The study investigates the environmental benefits of reusing Cross Laminated Timber (CLT) panels. The Global Warming Potential (GWP) of a single-stored Coffee shop built in 2016 in Kobe city was calculated, considering different CLT reuse ratios, forest land-use and material substitution possibilities. The results showed that as the rate of reused CLT panel increases the total GWP decreases. Moreover, in all cases, the option with smallest GWP is when the surplus wood is used for carbon storage in the forest, revealing the importance of a growing forest for increasing the environmental benefits of timber utilisation. The results suggest the systematic reuse of CLT panels offers a possibility to increase the carbon stock of Japanese Cedar plantation forests and further mitigate the environmental impact of construction.
The Nature Conservancy is leading a multi-institution collaboration to quantify the potential for innovative mass timber materials to support improved forest management, revitalize forest economies and mitigate greenhouse gas emissions. Life cycle assessments (LCAs) of engineered timber products such as glued laminated timber (glulam) and cross-laminated timber (CLT) in construction have highlighted their environmental advantages over conventional materials such as concrete and steel. However, there is little understanding of how developing new markets for such materials could support the wood product sector and the management of US forests. This applied research will assess in detail the potential impacts of large-scale growth in mass timber demand on wood product markets, timber harvest, forest management and climate change mitigation in key wood-producing regions across the USA and globally, as well as opportunities to leverage these markets to support US forest management and rural economies. The findings will be used to produce peer-reviewed publications and design a suite of targeted stakeholder engagement materials and programs, providing an objective, credible fact base to inform the design of policies and programs to maximize environmental and economic benefits of mass timber use for the forest sector.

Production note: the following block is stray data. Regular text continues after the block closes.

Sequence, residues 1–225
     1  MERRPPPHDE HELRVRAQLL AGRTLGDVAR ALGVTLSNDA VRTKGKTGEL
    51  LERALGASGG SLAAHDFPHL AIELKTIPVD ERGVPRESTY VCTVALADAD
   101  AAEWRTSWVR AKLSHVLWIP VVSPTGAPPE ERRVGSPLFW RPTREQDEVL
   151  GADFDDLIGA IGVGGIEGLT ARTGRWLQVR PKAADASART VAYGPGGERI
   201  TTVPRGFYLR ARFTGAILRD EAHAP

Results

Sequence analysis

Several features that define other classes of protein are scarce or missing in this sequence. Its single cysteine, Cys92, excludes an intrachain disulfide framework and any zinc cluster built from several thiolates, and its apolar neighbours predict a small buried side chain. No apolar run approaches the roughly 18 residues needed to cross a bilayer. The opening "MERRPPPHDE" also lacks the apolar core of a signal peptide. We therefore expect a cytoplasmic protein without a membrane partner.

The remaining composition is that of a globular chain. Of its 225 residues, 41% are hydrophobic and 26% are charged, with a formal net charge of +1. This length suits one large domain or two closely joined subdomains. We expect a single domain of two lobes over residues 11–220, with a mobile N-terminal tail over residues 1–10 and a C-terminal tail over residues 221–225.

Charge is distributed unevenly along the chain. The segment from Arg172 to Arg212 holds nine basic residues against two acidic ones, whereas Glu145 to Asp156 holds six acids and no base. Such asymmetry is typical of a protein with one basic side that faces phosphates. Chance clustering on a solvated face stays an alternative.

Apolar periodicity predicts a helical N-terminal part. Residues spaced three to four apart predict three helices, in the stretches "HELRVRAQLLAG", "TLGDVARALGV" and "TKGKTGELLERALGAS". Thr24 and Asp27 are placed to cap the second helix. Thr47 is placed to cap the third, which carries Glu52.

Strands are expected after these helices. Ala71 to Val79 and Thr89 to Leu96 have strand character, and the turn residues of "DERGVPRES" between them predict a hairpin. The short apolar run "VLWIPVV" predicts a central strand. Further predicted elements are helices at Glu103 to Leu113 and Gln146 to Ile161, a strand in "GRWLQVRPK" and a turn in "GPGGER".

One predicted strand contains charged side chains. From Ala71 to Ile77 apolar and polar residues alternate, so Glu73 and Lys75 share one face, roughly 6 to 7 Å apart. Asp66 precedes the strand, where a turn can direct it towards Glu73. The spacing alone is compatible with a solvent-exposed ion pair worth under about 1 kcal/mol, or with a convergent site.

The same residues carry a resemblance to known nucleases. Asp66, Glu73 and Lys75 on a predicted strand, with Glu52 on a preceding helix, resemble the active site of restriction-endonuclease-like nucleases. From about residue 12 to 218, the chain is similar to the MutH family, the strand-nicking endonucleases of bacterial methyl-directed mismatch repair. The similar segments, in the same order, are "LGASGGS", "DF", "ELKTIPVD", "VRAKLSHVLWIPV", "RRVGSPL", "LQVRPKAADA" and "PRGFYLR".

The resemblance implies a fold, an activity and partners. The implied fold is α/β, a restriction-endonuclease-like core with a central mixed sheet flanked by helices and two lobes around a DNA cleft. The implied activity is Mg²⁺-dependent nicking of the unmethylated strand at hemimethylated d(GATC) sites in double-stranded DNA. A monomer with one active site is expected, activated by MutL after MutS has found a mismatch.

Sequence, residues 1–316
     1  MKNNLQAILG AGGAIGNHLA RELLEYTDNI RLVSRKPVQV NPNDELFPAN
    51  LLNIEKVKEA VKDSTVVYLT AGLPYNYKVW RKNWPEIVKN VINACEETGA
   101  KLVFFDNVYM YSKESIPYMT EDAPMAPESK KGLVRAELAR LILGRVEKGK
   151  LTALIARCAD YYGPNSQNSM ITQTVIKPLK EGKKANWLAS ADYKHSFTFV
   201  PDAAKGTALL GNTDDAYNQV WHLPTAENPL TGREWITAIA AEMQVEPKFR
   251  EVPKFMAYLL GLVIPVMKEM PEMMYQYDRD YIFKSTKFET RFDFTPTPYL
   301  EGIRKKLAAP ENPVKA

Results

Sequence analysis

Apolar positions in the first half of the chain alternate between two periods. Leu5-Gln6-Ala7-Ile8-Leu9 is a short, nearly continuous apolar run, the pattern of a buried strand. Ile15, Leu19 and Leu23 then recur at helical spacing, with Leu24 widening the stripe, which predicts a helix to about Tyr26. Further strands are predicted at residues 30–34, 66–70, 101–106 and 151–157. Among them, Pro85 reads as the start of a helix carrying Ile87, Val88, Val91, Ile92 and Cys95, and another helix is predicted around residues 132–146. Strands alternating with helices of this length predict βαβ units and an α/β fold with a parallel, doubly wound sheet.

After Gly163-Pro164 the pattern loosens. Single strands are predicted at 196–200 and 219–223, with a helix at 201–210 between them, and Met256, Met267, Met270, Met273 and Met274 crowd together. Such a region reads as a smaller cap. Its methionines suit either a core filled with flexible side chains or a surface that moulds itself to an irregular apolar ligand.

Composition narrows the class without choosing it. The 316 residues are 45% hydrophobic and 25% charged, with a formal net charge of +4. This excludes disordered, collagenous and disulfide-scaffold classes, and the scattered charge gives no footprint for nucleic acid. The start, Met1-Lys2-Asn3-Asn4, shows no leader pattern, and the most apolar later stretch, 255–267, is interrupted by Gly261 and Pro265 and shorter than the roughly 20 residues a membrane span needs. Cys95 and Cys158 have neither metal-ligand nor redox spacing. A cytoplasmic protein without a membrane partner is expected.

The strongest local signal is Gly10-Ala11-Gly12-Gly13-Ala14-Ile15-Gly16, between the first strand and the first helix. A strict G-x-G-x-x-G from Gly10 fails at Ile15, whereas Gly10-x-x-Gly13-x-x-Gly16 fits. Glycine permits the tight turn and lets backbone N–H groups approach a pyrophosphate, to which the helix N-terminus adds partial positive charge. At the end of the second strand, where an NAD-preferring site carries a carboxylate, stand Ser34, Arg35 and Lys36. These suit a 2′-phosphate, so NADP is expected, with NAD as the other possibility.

Katerra is a start-up construction company that has developed a vertically integrated cross-laminated timber (CLT) manufacturing supply chain and facility. Katerra commissioned the Carbon Leadership Forum (CLF) and the Center for International Trade in Forest Products (CINTRAFOR) at the University of Washington to perform a life cycle assessment (LCA) study to understand the environmental impacts and opportunities for impact reduction in Katerra’s CLT supply chain and manufacturing process. CINTRAFOR performed an LCA of the CLT supply chain and production process while the CLF performed a whole building LCA of a new building that used CLT produced at Katerra’s CLT facility.
Katerra has developed its own cross-laminated timber (CLT) manufacturing facility in Spokane Valley, Washington. This 25,100 m2 (270,000 ft2 ) factory is the largest CLT manufacturing facility in the world, and is capable of producing approximately 187,000 m3 of CLT per year. Katerra has also established a vertically integrated supply chain to provide the wood for the CLT factory. Production started in summer of 2019.
Katerra commissioned the Carbon Leadership Forum (CLF) and Center for International Trade in Forest Products (CINTRAFOR) at the University of Washington to analyze the environmental impacts of its CLT as well as the Catalyst Building in Spokane, Washington. The Catalyst is a 15,690 m2 (168,800 ft2), five-story office building that makes extensive use of CLT as a structural and design element. Jointly developed by Avista and McKinstry, Katerra largely designed and constructed the building, and used CLT produced by Katerra’s new factory. Performing a life cycle assessment (LCA) on Katerra’s CLT will allow Katerra to explore opportunities for environmental impact reduction along their supply chain and improve their CLT production efficiency. Performing an LCA on the Catalyst Building will enable Katerra to better understand life cycle environmental impacts of mass timber buildings and identify opportunities to optimize environmental performance of mid-rise CLT structures.
The goal, scope, methodology, and results of this analysis are detailed in this report.